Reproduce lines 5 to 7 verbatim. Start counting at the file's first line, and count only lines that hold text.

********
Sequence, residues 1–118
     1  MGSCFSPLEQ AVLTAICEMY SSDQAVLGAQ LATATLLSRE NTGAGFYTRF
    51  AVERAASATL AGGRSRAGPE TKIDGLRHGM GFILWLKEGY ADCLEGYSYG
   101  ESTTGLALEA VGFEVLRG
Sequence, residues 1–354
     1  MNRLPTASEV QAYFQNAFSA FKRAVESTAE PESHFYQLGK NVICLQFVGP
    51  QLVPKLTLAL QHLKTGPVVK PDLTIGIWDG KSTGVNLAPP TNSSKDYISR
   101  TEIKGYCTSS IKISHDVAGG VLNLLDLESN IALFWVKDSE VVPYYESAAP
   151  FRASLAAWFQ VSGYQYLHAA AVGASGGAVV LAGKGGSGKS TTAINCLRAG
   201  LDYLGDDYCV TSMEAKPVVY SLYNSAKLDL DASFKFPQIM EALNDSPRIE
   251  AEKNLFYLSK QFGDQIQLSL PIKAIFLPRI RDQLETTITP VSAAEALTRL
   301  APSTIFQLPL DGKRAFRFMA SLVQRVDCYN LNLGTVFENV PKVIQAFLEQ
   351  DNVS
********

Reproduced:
Sequence, residues 1–354
     1  MNRLPTASEV QAYFQNAFSA FKRAVESTAE PESHFYQLGK NVICLQFVGP
    51  QLVPKLTLAL QHLKTGPVVK PDLTIGIWDG KSTGVNLAPP TNSSKDYISR